2.2/2.3 DNA, meiosis.

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Module 2.2/2.3
During a mitotic cell cycle genetic information (DNA) is copied and passed genetically identical
cells.
In gamete cell formation (meiosis) halving the DNA independent segregation and crossing over
give non identical cells (variety).
Be able to analyse, interpret and evaluate data that shows DNA to be the genetic material.
Appreciate where the terms nucleotides, deoxyribose, phosphate and A,C,T,G, sugar phosphate
backbone, hydrogen bonds between base pairs, base pairing, fit into our understanding of
structure to function for the molecule.
Be able to analyse, interpret and evaluate data that shoes DNA replication to be semi
conservative.
Appreciate that semi conservative replication leads to exact copying.
Understand this involves breaking hydrogen bonds between polynucleotide strands, attracting
new nucleotides which join through complementary base pairing that enzymes, helicase and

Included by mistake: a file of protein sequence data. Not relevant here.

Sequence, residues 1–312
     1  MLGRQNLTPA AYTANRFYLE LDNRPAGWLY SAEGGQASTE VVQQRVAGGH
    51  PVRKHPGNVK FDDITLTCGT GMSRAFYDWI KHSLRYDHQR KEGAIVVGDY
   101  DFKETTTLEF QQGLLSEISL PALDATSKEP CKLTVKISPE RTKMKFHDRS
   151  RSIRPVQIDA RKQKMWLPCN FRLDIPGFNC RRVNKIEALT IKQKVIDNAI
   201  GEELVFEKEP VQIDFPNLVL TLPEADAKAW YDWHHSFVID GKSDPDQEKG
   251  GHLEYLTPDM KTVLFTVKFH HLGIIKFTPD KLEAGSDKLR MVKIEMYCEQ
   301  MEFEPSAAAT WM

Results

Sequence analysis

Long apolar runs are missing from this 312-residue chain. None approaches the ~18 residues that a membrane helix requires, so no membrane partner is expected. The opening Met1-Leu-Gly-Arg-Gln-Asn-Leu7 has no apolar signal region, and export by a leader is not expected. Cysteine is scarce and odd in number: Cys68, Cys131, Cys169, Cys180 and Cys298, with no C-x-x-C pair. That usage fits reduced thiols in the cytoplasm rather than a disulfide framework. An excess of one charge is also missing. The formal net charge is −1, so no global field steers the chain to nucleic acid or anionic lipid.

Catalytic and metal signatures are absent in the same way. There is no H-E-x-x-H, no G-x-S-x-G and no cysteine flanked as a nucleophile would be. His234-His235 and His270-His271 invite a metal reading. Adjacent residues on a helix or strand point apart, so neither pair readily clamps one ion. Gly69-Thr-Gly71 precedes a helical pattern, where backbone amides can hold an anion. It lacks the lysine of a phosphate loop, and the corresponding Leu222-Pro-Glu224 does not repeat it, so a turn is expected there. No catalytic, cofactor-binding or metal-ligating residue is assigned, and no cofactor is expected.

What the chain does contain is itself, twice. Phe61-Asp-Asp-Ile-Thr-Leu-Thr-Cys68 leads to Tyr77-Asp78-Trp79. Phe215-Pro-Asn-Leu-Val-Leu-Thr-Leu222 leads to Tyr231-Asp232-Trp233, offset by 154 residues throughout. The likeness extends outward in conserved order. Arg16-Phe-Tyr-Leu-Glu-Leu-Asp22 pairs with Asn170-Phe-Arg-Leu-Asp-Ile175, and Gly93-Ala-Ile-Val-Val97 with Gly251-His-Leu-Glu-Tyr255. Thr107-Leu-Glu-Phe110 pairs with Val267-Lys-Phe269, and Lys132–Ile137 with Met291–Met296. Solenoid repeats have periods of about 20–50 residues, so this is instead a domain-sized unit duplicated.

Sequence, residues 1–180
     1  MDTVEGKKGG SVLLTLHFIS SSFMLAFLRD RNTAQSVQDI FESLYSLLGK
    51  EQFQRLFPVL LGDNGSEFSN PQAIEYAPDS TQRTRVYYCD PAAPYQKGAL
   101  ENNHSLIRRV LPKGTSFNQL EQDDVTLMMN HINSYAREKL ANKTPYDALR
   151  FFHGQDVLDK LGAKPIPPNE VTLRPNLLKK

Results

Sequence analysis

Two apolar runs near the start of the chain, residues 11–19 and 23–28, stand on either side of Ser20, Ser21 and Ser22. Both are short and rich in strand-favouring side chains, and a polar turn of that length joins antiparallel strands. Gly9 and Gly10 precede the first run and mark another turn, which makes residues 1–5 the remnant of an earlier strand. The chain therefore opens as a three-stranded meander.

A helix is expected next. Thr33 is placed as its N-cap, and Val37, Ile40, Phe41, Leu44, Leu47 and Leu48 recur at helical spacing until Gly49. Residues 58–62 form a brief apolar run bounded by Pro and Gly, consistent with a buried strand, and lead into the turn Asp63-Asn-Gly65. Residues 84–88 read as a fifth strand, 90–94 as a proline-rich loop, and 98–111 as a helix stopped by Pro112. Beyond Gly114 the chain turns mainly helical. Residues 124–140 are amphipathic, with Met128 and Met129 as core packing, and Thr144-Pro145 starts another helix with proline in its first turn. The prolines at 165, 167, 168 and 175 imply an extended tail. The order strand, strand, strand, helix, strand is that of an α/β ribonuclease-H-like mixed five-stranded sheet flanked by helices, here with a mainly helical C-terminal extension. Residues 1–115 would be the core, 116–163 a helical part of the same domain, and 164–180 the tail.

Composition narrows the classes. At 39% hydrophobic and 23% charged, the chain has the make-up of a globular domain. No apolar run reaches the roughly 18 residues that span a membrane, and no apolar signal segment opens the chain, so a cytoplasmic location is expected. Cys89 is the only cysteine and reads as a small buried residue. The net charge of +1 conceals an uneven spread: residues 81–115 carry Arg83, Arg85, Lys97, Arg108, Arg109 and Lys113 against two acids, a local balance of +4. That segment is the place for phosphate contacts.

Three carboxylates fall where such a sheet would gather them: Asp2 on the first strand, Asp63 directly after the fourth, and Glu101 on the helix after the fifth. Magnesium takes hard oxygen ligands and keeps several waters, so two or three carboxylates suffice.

polymerase speed up the process.
Know there is a cell cycle.
Understand chromosomes are long lengths of DNA which is coiled upon itself several times. In
eukaryotes proteins called histones act as "formers" around which the DNA is coiled. In
prokaryotes DNA is circular and without protein.
Know mitosis increases the cell number and so is involved in growth and repair of tissue.
Know replication of DNA occurs during interphase in the S phase.
Name and explain the events in each stage of mitosis, recognising them from drawings and
photographs.
Relate the cell cycle to treatment of cancer.
Know meiosis is a type of cell division involved in gamete formation for sexual reproduction.